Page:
Pregnenolone: opposes cortisol and it’s the cortisol dominance of hypothyroidism plus a high PUFA (omega-3 and -6 oil) diet that can trigger diabetes 2 from a nutritional point of view.Pregnenolone article
Progesterone (for women): Hypothyroid women make inadequate progesterone to prevent female problems including fertility and many others. Progesterone stimulates the release of the thyroid hormone from the thyroid gland. Progesterone article
Baby Bits: Vitamin D and Pregnancy
This Vitamin D Newsletter
(John Cannell, M.D.) article presents health problems that can arise from a maternal vitamin D deficiency. It contains many links to original research. It is reprinted with permission. For the full article, click here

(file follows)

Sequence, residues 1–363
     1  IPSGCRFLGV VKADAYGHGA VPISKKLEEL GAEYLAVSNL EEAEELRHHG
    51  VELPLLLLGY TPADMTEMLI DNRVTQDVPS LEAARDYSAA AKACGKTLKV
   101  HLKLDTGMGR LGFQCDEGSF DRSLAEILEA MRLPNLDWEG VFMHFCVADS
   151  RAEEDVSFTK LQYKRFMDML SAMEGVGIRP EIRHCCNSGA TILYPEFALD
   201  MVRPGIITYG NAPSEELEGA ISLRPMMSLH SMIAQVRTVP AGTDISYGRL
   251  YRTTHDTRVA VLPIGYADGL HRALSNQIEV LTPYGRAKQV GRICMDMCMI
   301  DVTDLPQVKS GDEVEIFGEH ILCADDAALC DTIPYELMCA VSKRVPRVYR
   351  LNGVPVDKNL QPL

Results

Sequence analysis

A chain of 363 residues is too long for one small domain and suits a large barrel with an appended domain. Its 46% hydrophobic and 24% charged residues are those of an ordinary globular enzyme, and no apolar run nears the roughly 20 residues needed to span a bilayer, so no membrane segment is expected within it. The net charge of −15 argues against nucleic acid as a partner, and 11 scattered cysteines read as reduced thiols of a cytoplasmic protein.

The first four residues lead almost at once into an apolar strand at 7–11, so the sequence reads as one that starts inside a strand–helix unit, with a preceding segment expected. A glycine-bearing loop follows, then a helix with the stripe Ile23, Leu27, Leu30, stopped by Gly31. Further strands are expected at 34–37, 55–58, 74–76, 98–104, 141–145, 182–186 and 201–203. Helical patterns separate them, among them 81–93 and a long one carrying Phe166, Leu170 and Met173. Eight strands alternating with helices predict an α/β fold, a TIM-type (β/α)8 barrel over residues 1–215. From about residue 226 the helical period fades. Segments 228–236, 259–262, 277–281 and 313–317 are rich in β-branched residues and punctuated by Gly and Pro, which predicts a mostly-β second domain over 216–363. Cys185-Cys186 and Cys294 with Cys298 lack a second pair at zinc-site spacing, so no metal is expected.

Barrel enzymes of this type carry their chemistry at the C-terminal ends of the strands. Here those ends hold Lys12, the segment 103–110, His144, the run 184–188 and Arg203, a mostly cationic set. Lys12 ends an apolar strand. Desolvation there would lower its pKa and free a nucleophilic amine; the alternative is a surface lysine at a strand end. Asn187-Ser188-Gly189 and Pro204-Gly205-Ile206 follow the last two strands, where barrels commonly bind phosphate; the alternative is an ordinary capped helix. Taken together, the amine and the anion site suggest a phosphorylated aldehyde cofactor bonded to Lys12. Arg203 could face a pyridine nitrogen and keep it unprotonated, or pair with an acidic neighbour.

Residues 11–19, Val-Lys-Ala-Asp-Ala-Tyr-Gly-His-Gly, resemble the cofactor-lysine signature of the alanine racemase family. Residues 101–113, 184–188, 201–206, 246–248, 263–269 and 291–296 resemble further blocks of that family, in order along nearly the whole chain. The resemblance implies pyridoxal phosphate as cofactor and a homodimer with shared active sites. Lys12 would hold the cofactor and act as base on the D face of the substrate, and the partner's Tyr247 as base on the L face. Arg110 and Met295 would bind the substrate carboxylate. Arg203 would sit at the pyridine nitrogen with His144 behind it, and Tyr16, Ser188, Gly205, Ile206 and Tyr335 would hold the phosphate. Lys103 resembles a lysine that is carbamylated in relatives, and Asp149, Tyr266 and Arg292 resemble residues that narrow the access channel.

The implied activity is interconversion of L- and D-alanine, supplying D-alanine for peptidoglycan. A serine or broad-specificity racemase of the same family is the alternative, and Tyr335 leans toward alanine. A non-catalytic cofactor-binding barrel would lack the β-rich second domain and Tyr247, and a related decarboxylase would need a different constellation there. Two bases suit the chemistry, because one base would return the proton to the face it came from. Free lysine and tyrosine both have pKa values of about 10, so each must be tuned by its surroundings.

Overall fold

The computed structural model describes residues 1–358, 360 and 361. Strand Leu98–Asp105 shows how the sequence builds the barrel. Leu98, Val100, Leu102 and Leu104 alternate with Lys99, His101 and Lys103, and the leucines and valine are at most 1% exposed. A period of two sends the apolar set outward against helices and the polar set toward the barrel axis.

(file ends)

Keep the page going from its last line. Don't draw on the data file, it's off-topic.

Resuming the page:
. Possible health problems in vitamin C deficient women (in addition to other known causes, such as poor maternal nutrition and as medical intervention (See To Your Health, January 2009
• Increased C-section rate
• Gestational diabetes
• Bacterial vaginitis
• Preeclampsia Possible infant and child health problems in children born to vitamin D deficient mothers (in addition to other known causes, such as poor maternal nutrition, drugs, vaccinations. etc.):
• Mental health problems
• Mental retardation
• Infantile lower respiratory tract infections
• Lower birth weight
• Juvenile diabetes
• Seizures and epilepsy (related to calcium deficiency)
• Weak bones (related to calcium deficiency)
• Idiopathic infantile heart failure
• Brain tumors
• Craniotabes (softening of the skull bones)
• Early age cavities